February 3, 2010
WORD is an independent neighborhood bookstore in Greenpoint, the northernmost neighborhood of Brooklyn, that will celebrate its third anniversary this March. Our primary goal is to be whatever our community needs us to be, which currently means carrying a lot of paperback fiction (especially classics), cookbooks, board books, and absurdly cute cards and stationery. In addition, we're fiends for a good event, from the classic author reading and Q&A to potlucks and a basketball league (and anything set in a bar). We're a small operation, just 1000 square feet and four people, but we read too much, so it all works out. If a weekly dose of WORD here isn't enough for you, follow us on Twitter: @wordbrooklyn.
by Louise Erdrich
This is nothing like Erdrich's other novels---it comes from an even deeper, more personal, and more painful place---but it is the best work of hers I've read.
This Book is Overdue!: How Librarians and Cybrarians Can Save Us All
by Marilyn Johnson
There really isn't a better job than librarian, and I say that as a person with a pretty cool job. Fantastic to see them have a book of their own (and even better, it doesn't pretend to be surprised that there's more to librarians than a bun and a shushing finger).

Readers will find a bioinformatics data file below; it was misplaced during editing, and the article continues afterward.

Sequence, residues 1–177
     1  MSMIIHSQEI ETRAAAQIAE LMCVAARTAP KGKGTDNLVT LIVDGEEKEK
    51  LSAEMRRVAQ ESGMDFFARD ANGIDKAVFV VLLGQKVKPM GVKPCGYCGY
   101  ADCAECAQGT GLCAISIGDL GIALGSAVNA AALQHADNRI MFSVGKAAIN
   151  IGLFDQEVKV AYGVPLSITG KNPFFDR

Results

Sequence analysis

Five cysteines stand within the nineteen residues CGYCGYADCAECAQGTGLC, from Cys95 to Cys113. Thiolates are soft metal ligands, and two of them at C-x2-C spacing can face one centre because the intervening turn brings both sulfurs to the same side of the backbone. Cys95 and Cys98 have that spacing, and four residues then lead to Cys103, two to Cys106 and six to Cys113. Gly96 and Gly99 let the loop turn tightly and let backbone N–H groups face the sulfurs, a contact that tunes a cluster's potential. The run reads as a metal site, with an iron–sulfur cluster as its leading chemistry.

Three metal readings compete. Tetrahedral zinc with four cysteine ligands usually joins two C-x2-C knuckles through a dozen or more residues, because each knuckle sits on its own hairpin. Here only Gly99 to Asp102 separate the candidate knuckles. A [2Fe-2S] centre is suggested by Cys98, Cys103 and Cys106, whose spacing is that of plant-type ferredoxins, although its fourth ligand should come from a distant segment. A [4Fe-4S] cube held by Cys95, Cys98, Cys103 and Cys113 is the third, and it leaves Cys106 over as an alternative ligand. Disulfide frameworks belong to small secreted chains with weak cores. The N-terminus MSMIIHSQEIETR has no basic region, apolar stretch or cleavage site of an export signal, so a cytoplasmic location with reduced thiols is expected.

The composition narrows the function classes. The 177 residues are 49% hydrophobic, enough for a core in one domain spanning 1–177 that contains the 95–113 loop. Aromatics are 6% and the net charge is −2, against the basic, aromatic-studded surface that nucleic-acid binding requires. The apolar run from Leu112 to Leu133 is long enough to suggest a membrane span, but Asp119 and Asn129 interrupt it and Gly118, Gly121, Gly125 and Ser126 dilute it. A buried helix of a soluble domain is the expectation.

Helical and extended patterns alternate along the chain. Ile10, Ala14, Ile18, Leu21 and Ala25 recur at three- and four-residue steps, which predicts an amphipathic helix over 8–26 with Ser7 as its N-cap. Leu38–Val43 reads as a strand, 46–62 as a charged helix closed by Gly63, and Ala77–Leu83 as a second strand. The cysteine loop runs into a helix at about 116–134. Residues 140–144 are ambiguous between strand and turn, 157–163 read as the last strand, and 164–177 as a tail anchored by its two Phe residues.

by Yukio Mishima
Bad Nature, or With Elvis in Mexico
by Javier Marias
Tales of Desire
by Tennessee Williams
I don't actually know if these are good, though I assume they are, given the authors. I just know that I love the design of these books so much that I've been carrying them around at my side like a security blanket for the last day.
by Dan Simmons
Very excited to read this now that it is in paperback and thus does not weigh five pounds.
by Connie Willis
After an agonizing 8 years without a new novel, the doyenne of matter-of-fact, tongue-in-cheek sci-fi has TWO books coming out this year, both set in the time-traveling Oxford history department of Doomsday Book and To Say Nothing of the Dog. Genre schmenre: Willis never forgets, in the midst of all the tech, that her characters are people.
by Xu Xiaobin
Loved this book, and so I hate the cover on the paperback, which manages to pack every visual metaphor about Chinese women into one small rectangle (aside from bound feet) and thus is incredibly dull. Ignore the cover and just read the book, which is a glorious sweeping family saga set against one of the most turbulent centuries in Chinese history.
WORD Brooklyn links:
also at Largehearted Boy:
other Largehearted Word Books of the Week (weekly new book highlights)
52 Books, 52 Weeks (my yearly reading project)
Antiheroines (interviews with up and coming female comics artists)
Atomic Books Comics Preview (weekly new comics & graphic novel highlights)
Book Notes (authors create music playlists for their book)
guest book reviews
Note Books (musicians discuss literature)